It’s not often that a film manages to review itself, but there’s a moment toward the end of The Mummy, Tom Cruise’s latest narrative-free stuntfest and the first in a threatened series of Dark Universe films, when one of the characters — I think it was Jennifer Halsey (Annabelle Wallis); frankly I don’t really care enough to remember which one — asks “What are we even doing here?”
Cruise plays, well, Tom Cruise, this time as Nick Morton, allegedly an American soldier in Iraq, but apparently one of that very particular regiment of especially mavericky soldiers who never has to wear uniform or address colonels as “sir,” who moonlights as a grave-robber alongside his mate Chris (Jake Johnson). They’re looking for a legendary village called Haram (honestly), which “the translator says means hidden knowledge” (no, it doesn’t). They blow up the village they’re in by calling in a drone strike which arrives in seconds and kills a bunch of nameless “insurgents” (it’s ok — wrap keffiyehs around their faces and you don’t need to give them names, much less individual characters), and they discover an Egyptian tomb buried deep under the village. In comes Wallis’ Jennifer, an apparently English Egyptologist whose accent, despite Wallis having been born in Oxfordshire, wanders between England and North America freely throughout most sentences, and the three explore the tomb.
You’ll notice, so far in this rather involved setup, scant mention of mummies. There is one, and she is, unsurprisingly, inside the Egyptian tomb in Iraq (which should, surely, make it Iraqi, but why start applying logic now? If director Alex Kurtzmann can’t be bothered to, I don’t see why I should). Her backstory tells how, as the princess Ahmanet (Sofia Boutella) she made a pact with Set, the god of death, to take power from her father and brother, and how she’s punished by being wrapped up and buried alive. So she’s not, in fact, a mummy, but simply someone who’s got her bandages on a little too tight, but again, why start fussing about details now? Regardless, the sarcophagus is loaded onto a transport plane — a four-engine plane, and yes, there’s a point here — to fetch it to, presumably, America, but again this is not made clear. At any rate, as it’s flying over London, all manner of Bad Things start happening to the plane, including, as the pilot announces on the radio, “we’ve lost both engines.”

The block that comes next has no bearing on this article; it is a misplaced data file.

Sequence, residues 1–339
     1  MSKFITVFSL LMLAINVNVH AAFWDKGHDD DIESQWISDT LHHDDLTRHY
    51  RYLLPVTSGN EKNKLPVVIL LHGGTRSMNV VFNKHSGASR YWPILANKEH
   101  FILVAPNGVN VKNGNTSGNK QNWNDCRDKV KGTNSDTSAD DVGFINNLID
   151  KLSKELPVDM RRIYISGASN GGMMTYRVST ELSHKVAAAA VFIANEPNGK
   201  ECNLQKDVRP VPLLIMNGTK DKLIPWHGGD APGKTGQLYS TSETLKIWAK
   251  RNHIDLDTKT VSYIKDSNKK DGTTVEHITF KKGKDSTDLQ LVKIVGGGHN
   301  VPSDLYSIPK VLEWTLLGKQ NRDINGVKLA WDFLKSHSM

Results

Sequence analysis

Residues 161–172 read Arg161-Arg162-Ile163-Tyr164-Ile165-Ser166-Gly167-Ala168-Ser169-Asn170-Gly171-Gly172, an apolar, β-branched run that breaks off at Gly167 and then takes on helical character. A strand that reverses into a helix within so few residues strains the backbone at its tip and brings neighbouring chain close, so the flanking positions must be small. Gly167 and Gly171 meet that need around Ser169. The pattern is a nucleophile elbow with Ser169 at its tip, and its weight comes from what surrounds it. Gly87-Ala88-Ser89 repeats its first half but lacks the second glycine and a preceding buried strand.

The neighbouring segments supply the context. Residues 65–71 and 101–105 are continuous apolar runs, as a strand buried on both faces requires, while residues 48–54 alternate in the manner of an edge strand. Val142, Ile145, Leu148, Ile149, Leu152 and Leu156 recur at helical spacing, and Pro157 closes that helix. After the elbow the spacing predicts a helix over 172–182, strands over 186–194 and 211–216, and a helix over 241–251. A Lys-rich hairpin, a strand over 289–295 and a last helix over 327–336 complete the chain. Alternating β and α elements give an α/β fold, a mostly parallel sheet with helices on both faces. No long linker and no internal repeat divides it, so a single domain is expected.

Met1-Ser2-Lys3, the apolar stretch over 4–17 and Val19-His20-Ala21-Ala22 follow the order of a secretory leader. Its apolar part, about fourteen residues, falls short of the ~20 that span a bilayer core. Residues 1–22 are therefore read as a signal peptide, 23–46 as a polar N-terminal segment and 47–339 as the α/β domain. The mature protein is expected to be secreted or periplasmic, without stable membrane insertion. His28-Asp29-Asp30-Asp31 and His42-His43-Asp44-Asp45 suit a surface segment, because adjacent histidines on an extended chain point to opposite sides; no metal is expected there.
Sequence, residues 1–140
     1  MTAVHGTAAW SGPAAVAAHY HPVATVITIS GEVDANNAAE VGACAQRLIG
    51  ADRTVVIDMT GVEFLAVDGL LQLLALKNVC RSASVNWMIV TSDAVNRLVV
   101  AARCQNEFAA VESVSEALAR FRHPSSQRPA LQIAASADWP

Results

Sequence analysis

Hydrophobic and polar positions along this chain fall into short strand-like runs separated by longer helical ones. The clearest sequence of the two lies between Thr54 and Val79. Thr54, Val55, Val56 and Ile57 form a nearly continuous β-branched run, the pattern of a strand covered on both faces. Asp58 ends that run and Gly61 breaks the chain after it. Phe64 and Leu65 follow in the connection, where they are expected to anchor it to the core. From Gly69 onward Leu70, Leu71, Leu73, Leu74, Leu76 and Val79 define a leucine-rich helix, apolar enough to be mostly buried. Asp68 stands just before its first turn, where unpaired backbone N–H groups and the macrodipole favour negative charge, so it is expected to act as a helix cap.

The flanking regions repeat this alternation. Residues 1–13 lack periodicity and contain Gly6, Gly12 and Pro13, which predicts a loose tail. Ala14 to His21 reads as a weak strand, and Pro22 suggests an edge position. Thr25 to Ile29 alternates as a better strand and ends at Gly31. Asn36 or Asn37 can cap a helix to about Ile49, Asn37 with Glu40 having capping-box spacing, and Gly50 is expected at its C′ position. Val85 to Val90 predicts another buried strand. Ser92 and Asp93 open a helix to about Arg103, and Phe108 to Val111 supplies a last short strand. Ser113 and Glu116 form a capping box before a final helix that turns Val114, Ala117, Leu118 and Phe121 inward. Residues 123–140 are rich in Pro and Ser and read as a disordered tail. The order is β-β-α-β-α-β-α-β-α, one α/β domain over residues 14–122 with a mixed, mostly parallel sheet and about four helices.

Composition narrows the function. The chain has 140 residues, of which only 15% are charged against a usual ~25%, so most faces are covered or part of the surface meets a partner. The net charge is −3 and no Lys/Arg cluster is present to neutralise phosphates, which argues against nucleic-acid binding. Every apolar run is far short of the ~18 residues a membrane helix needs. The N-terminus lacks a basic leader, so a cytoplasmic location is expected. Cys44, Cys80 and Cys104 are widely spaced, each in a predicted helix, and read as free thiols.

So the mummy that isn’t a mummy has finally made an appearance, and she’s trying to remake a dagger that was broken when she got her comeuppance so that she can complete her pact with Set and, well, who knows? Maybe Cruise’s Nick, who is killed, apparently, in the plane crash but somehow is restored to life in a way that is entirely glossed over. Maybe it’s Russell Crowe, who manages to chew significantly less scenery that I expected him to as, and I promise I’m not making this up, although I wish I were, Doctor Henry Jekyll. It’s entirely unclear what Jekyll’s doing in this film, since his last appearance in a film from the Dark Universe‘s Universal Monsters predecessor was Abbott and Costello Meet Dr. Jekyll and Mr. Hyde. Abbott and Costello did meet the mummy a couple of years later, so perhaps they introduced the two?
At this point, I really don’t care. There’s so very little in the film to make one want to sit up and pay attention. It’s under two hours long, which is something of a mercy — Batman Versus Superman went on for over two and a half hours, and Suicide Squad, which felt even longer, cleared the two-hour mark. But The Mummy isn’t as bad as either of those films. It’s simply dull. Cruise does his usual charming-but-dangerous turn, but when his character is exposed to actual peril, the limitations of his acting skills are thrown into very, very stark relief. Crowe clearly has enormous fun as Jekyll and, not entirely surprisingly, Hyde, but his character’s (characters’?) presence serves only to muddy further the already murky narrative waters. The absurd details — a mercury fountain, swimming zombie crusaders — are, indeed, absurd. And the story simply fails to engage on any meaningful level. It’s ostensibly a film about a mummy, but it’s really a Tom Cruise vehicle — just look at the poster on this page — and not a terribly good one at that.
There may, or may not, be a sequel on the cards. I do so very much hope there isn’t.